Nernst himself assumed the responsibility of gathering the more prominent theoretical and experimental physicists better aware of the quantum hypothesis, so that the scientific community defined the new paths to follow, given the moment of uncertainty imposed by the new developments. The meeting was possible thanks to the financial support from the Belgian chemist, and successful businessman, Ernst Solvay. This meeting, known as the first Solvay Conference, was held from October 30 to November 3, 1911, in Brussels. The subject was Radiation and the Quanta, and among the participants who attended by personal invitation, were A. Einstein, M. Planck, H.A. Lorentz, M. Curie, H. Poincare, E. Ruther-´ ford, etc. In the opening conference, Lorentz, who had been given the chairmanship of the event, referred to “the old theories [that] have been proven increasingly powerless to penetrate the darkness around us everywhere” and stated that “in this stage of affairs, the beautiful hypothesis of energy elements (...) has been a wonderful ray of light” ^{76}.

Ehrenfest was not invited to the first Solvay Conference. He had finished his article in July of that same year and it was not published until October, just before the Conference. However, such work was not even taken into account in the discussions that took place in Brussels ^{77}, in spite of the fact that in such work Ehrenfest had clarified several issues that were discussed there, or at least that is what can be deduced from the memories and reports on different topics that were used in the Conference, which make no mention of it ^{78}. In addition, the fact that Ehrenfest was geographically isolated and did not enjoy of much scientific reputation yet ^{79}, contributed to the situation. Although the latter may be questionable, especially if we consider the invitation Lorentz extended to him a few months later to take his place in Leiden, which speaks of the recognition received from one of the most respected physicists of the time.

During the Conference, several issues were discussed. The secretaries Paul Langevin and Maurice de Broglie were responsible for the publication of the reports and discussions, which included the conferences and debates transcripts ^{80}. Because the discontinuity implied in the quantum hypothesis suggested the need for a revolution in the available concepts of physics, there was an attempt to analyze during the Conference, among other things, if the quantum effects could be explained by some strange mechanism, but still within the classical principles ^{81}. However, most of the participants completed the meeting convinced that some of the fundamental principles of the classical description of nature were in danger. The conferences had achieved its goal of showing the full extent of the quantum problem to the experts and persuade them to cooperate more closely to the future development of quantum theory.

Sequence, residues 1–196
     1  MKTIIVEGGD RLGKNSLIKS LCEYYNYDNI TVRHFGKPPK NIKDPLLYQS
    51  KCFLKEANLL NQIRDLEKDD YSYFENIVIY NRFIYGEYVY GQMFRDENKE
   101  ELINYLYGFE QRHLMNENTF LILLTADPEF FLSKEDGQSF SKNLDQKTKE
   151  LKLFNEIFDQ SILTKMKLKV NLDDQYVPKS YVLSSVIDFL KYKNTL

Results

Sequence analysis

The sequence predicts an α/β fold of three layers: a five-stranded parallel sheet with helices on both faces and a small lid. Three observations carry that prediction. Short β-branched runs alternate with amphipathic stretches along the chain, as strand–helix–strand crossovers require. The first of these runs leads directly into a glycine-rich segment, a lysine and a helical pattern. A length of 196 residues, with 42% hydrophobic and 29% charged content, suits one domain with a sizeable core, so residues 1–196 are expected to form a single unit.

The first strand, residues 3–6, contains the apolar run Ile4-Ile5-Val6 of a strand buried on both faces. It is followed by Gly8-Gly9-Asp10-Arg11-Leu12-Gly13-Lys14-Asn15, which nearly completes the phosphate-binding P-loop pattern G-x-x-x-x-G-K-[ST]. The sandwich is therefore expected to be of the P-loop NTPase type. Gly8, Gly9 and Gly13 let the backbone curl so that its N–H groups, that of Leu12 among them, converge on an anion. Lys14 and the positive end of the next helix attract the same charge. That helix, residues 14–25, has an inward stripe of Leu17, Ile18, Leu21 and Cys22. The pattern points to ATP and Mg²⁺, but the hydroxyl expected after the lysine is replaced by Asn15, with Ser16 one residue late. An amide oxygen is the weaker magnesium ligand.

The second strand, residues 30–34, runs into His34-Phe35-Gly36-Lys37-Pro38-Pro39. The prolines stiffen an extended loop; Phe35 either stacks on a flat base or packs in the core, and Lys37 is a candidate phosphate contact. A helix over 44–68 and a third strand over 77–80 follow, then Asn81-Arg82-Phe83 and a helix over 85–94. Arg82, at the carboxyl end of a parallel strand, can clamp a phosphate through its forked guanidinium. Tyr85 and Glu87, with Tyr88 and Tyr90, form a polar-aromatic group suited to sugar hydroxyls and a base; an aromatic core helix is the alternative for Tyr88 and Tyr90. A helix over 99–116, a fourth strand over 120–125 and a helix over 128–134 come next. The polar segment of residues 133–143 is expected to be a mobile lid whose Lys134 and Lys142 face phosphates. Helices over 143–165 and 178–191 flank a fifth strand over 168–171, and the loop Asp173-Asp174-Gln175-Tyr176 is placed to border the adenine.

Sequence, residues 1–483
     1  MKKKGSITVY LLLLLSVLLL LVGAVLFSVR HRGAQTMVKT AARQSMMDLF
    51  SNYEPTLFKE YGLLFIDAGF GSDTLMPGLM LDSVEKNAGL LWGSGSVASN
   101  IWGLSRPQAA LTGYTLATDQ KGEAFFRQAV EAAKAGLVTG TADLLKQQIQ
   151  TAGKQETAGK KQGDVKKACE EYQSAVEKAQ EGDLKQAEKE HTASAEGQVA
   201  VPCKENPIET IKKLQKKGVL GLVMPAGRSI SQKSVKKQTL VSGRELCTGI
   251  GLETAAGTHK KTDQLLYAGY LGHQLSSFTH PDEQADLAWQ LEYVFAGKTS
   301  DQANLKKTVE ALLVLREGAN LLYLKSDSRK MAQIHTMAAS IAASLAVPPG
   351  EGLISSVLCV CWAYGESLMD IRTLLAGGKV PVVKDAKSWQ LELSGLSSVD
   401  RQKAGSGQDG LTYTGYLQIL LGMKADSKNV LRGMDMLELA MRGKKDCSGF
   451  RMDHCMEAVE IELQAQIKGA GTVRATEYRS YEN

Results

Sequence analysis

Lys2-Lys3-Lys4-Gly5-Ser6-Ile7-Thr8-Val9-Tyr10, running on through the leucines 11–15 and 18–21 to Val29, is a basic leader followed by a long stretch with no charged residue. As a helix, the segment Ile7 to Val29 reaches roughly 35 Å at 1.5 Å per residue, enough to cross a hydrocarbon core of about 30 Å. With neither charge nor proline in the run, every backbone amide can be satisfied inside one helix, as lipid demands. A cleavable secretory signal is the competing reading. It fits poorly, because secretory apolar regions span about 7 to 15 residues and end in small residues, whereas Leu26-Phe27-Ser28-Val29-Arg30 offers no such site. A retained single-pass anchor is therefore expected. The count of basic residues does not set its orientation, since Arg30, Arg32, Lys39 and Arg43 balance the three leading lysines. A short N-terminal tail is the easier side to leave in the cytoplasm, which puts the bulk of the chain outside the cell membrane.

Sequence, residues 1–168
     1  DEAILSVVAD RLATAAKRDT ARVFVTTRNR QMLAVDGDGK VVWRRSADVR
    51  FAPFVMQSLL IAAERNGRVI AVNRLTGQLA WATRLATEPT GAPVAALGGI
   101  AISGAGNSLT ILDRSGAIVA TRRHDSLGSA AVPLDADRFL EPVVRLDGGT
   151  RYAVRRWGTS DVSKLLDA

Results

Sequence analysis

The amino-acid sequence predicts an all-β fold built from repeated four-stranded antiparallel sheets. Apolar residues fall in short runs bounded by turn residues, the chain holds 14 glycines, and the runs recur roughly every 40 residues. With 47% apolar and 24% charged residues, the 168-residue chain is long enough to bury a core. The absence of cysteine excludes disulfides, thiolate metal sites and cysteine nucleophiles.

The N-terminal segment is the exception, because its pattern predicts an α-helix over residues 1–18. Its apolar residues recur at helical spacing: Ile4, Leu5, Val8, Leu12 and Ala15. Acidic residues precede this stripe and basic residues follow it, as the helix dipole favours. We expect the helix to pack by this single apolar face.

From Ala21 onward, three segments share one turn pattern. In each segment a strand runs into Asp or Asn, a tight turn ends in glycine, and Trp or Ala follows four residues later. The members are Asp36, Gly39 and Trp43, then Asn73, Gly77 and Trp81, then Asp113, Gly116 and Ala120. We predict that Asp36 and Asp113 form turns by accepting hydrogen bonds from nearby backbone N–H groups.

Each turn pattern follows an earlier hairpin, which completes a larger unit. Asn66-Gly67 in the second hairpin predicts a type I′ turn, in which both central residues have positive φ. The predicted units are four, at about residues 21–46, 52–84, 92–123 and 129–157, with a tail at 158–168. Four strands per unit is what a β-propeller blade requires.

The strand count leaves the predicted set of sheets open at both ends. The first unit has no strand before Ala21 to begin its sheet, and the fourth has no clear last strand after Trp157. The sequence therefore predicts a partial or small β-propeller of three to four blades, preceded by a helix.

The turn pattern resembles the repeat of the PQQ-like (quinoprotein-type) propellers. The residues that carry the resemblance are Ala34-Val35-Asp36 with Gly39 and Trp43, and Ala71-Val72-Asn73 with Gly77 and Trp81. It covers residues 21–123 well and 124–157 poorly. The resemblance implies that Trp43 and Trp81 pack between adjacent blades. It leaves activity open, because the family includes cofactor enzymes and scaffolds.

One of the participants who arrived to the event with a little knowledge on the subject, but nevertheless had a very active participation and at the end of the meeting was taken up by the issue of quantum hypothesis, was the very wellknown and respected French scientist Henri Poincare ^{82}. Immediately after the Conference, he dedicated himself to analyze the question of whether quantum theory could be formulated or not in terms of differential equations, leading to the conclusion that any theory from which Planck’s law could be derived would necessarily contain an essential discontinuity ^{83} and proving that it is not possible to explain the quantum phenomenon using a classical description ^{84}. Poincare presented his findings to the Academy of Sciences´ on December 4, 1911 and later in an article that appeared in January 1912 in the Journal de physique ^{85}. In that article, Poincare demonstrated what Ehrenfest had already´ shown some months before ^{86}. However, given the scientific reputation of Poincare, his arguments convinced more´ people to accept the necessity of the quantum hypothesis, including skeptics like the British Jeans ^{87}.